ejs June 29, 2013 @ 2:49 p.m.

Excellent point. If "malice" is an element in this case then very obviously Olson should be entitled to talk about his First Amendment rights.

2

DavidnPB June 25, 2013 @ 3:12 p.m.

If the prosecutor must show Malice as a material element of the statutory "offense" here, then the defense should be able to show an absence of Malice because he had an objectively reasonable belief he was expressing his First Amendment protected political opinions. Malice is a state of mind, and the defense has a defense here and must be permitted to make it.

Additionally, abuse of prosecutorial discretion should be in a pre-trial motion to dismiss. If the City Atty is on record as saying the same conduct--chalk writing by a child on the public right of way--would not be a chargeable offense--then the trigger for the decision to prosecute here was not the CONDUCT, but the CONTENT of the writings. The paper trail showing very active pressure from B of A to prosecute is great evidence of this also.

Then there is always Jury Nullification.....

3

DavidnPB June 25, 2013 @ 3:18 p.m.

The Judge is Howard H. Shore. Never was in private practice. An Assistant County DA before being appointed judge.

Hon. Howard Shore

Adjunct Professor of Law
•LLM, 1973, London School of Economics and Political Science •JD, 1972, University of San Diego •BS, 1969, Worcester Polytechnic Institute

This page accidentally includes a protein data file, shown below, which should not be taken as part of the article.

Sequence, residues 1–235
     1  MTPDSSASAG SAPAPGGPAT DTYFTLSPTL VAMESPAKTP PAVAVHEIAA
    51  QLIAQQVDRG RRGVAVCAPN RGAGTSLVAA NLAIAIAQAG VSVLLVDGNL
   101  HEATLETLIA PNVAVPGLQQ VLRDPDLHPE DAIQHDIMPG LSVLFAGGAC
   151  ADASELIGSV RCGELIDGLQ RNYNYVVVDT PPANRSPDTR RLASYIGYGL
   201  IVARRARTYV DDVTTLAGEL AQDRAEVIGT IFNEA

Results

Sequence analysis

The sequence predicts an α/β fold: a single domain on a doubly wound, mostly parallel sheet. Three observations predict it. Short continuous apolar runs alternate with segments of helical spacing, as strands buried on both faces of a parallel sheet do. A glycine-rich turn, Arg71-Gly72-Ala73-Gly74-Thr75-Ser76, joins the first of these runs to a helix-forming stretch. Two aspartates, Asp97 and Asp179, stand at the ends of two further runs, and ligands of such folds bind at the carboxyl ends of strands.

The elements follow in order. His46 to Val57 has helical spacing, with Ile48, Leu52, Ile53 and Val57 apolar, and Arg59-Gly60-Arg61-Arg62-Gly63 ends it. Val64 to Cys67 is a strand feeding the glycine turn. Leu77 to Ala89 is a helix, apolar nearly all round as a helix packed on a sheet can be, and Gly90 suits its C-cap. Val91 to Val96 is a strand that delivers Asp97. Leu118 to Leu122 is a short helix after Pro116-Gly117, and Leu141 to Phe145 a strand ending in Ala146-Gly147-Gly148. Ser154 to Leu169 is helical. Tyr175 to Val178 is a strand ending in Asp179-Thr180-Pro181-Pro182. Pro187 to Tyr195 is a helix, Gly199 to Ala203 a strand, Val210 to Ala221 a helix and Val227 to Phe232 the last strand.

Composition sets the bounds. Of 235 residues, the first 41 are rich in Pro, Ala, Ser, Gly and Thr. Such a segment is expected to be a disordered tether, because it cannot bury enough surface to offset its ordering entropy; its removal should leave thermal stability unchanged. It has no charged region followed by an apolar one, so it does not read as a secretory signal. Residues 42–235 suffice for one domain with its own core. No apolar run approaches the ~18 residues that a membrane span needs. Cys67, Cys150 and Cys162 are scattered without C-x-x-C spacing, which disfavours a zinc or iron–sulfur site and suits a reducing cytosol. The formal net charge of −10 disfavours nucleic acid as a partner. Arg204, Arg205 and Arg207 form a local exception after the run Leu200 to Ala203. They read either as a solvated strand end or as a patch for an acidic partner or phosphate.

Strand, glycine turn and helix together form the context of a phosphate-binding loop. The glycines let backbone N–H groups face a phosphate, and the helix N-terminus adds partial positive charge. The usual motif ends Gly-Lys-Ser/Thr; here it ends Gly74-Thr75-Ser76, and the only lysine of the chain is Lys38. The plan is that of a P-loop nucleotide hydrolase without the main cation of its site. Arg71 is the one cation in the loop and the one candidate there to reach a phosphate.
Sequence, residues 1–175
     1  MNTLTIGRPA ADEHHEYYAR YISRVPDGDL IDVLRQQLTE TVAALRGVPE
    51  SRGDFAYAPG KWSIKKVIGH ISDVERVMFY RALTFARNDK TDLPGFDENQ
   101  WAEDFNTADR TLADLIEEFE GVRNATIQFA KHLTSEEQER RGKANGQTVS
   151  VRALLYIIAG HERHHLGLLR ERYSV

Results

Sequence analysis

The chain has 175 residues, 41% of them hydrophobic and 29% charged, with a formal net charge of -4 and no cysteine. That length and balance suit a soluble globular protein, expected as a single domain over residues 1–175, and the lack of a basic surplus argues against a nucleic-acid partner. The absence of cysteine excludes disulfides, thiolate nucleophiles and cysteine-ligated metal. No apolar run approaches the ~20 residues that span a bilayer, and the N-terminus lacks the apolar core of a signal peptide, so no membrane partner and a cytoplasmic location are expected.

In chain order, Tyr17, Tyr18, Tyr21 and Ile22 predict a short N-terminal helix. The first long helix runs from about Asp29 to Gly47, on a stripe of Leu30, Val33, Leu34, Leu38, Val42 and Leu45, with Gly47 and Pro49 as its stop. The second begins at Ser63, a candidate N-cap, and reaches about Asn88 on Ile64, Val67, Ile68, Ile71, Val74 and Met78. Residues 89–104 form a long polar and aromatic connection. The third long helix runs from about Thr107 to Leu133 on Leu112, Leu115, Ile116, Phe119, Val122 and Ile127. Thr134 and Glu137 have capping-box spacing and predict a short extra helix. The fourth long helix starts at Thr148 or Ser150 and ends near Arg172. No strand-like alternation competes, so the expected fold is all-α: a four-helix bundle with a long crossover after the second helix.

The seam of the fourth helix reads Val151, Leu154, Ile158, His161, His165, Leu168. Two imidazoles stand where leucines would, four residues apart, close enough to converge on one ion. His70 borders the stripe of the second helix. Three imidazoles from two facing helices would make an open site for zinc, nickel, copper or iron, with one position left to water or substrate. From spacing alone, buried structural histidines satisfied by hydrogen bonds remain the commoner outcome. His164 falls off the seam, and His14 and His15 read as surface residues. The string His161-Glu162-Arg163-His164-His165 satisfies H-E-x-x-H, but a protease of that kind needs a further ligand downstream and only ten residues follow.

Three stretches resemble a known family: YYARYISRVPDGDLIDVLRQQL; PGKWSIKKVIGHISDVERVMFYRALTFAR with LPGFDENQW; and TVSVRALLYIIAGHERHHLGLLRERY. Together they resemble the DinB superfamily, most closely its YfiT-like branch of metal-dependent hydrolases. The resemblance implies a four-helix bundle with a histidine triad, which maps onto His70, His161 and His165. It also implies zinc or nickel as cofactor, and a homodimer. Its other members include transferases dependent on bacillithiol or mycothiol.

Areas of Expertise

Judge Shore teaches scientific evidence.

Professional Experience

Shore works for the San Diego Municipal Court. Prior to this appointment, he spent 16 years as a deputy district attorney and prosecuted several hundred cases, many involving psychiatric and other expert evidence. Shore also served in the training division and lectured to deputies on evidentiary and psychiatric issues. He is a current faculty member of the California Continuing Judicial Studies Program.

Honors and Affiliations

Shore graduated from the University of San Diego School of Law, where he was a member of the San Diego Law Review. He is a member of the Louis M. Welsch American Inn of Court and a faculty member at the California Judicial College.

0

fredjones2005 June 26, 2013 @ 9:34 a.m.

This guy needs to be recalled. He needs to explain his actions to the people.

2

SurfPuppy619 June 25, 2013 @ 3:44 p.m.

Tosdal exited the court room shortly after. "I've never heard that before, that a court can prohibit an argument of first amendment rights" == Judge Shore has now become the lead prosecutor, b/c he KNEW this case would not result in a conviction if ALL the facts were open to the jury-so he gamed and rigged the trial.

4

DavidnPB June 25, 2013 @ 3:52 p.m.

50 people in the Courtroom tomorrow with chalk in their hands ?

Or some great Parents with their KIDS , chalk in hand, for a Civics lesson in the meaning of the First Amendment ? Because kids cannot have the required predicate Malice.....

5

nostalgic June 25, 2013 @ 5:40 p.m.

Has anyone had their house broken into lately? Please, forget it. The system has more important things to manage. After all, breaking and entering is usually done without malice. The burglar doesn't even know you. So it's OK.